Conditions in Czech detention centers for migrants under fire

Migrants in Zastávka u Brna detention center, photo: CTK

The conditions in detention facilities for migrants not only in the Czech Republic but neighbouring Slovakia and Hungary which serve as transit counties are now under close scrutiny. The migrants who are forced to spend several weeks in detention under tight security accuse the authorities of imprisonment, while the authorities claim all is according to the law. Over the weekend Czech Prime Minister Bohuslav Sobotka visited one of the country’s three asylum centers, Zastávka u Brna in Moravia to check-up on the conditions in which refugees are held.

Migrants in Zastávka u Brna detention center, photo: CTK
The country’s three detention centers, one north of Prague and two in Moravia, are filled to 90 percent of their capacity, which is 1,100 beds. They house migrants from Syria, who are now being released in groups and allowed to continue on their way to Germany, Afghanistan, Pakistan and Iraq. When the Czech government delegation arrived on the grounds of the fenced-off detention center near Brno, the mood was stormy and the prime minister faced a volley of complaints.

“No mobile, no internet, no anything. I am a human being, not an animal! We want to go to Germany. For the last two months we are here like prisoners. FREEDOM! FREEDOM! FREEDOM!”

Migrants who cross the country’s border illegally are detained here for several weeks before being returned to the country from which they entered the Czech Republic on the basis of readmission agreements or the country where they have requested political asylum. Many have no IDs in which case the Czech foreign police needs to ascertain their identity and question them before deciding how to proceed in line with the law. Families are kept together, but they have their mobiles confiscated and –unlike those who file for asylum in the Czech Republic – illegal migrants waiting to be extradited do not have access to the Internet. After getting a tour of the facilities, Prime Minister Sobotka said he saw no reason for complaints.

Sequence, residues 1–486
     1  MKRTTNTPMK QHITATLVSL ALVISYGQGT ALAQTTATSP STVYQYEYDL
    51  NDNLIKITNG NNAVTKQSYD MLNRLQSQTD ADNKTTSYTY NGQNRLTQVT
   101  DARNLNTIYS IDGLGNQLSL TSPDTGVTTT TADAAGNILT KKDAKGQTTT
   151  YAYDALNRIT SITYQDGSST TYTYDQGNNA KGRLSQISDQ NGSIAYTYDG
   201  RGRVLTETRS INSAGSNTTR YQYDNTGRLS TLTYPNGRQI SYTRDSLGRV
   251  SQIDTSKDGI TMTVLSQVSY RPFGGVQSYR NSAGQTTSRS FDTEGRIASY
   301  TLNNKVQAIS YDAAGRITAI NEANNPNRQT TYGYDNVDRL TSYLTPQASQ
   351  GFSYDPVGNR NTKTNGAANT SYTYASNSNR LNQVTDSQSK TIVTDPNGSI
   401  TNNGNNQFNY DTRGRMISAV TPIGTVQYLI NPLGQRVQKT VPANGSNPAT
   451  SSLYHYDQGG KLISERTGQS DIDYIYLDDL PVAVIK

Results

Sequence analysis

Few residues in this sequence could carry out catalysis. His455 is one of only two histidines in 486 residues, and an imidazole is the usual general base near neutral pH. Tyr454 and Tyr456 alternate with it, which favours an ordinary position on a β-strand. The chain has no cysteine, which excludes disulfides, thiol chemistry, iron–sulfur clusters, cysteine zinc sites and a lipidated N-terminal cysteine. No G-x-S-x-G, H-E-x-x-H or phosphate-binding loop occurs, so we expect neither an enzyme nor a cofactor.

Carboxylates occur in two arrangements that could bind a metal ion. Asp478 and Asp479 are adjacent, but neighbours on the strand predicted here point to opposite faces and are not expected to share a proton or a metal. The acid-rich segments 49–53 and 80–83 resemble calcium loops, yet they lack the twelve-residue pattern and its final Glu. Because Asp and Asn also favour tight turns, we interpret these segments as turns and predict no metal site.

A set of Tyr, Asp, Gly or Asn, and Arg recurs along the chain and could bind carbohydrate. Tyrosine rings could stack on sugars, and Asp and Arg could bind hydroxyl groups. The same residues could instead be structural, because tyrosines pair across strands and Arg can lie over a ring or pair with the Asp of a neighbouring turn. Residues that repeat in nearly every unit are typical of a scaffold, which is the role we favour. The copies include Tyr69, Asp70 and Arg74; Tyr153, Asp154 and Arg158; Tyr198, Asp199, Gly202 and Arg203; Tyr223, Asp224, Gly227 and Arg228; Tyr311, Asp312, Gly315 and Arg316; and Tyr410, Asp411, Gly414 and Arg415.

Bohuslav Sobotka, photo: CTK
“Admittedly tension is high and the people who are here are not here of their own free will. They are here because they have violated Czech law.”

However, while the Interior Ministry and the foreign police claim that all is as it should be, the Prague-based Organization for Aid to Refugees claims otherwise. Its director Martin Rozumek says the prime minister was taken to a model facility.

“You cannot compare the conditions in Běla and in Zastávka u Brna and I know for a fact that if the Interior Ministry wants to receive a good assessment or make an impression they always send visitors to Zastávka u Brna. But I think that people should come to Běla because what we could see in the detention center in Běla was a disaster –hungry children, bad food, no access to mobile phones and they have to pay for these services, even kids, so monthly the bill could be 7,200 Czech crowns per person. It is a shame.”

Martin Rozumek, photo: Czech Television
Illegal migrants are not given access to the Internet and have their mobile phones taken away. Why is that?

“I do not understand why the government and police do not allow them access to mobile phones and the Internet. I don’t see any problem with that and we have trouble with it because people are unable to call their relatives and family at home. I don’t know the reason. We were always told it was for security reasons – but what does that mean? I think it is bad behavior to deter all immigrants from coming to the Czech Republic, I think that is the main purpose of the harsh conditions in detention –to deter all the others from coming.”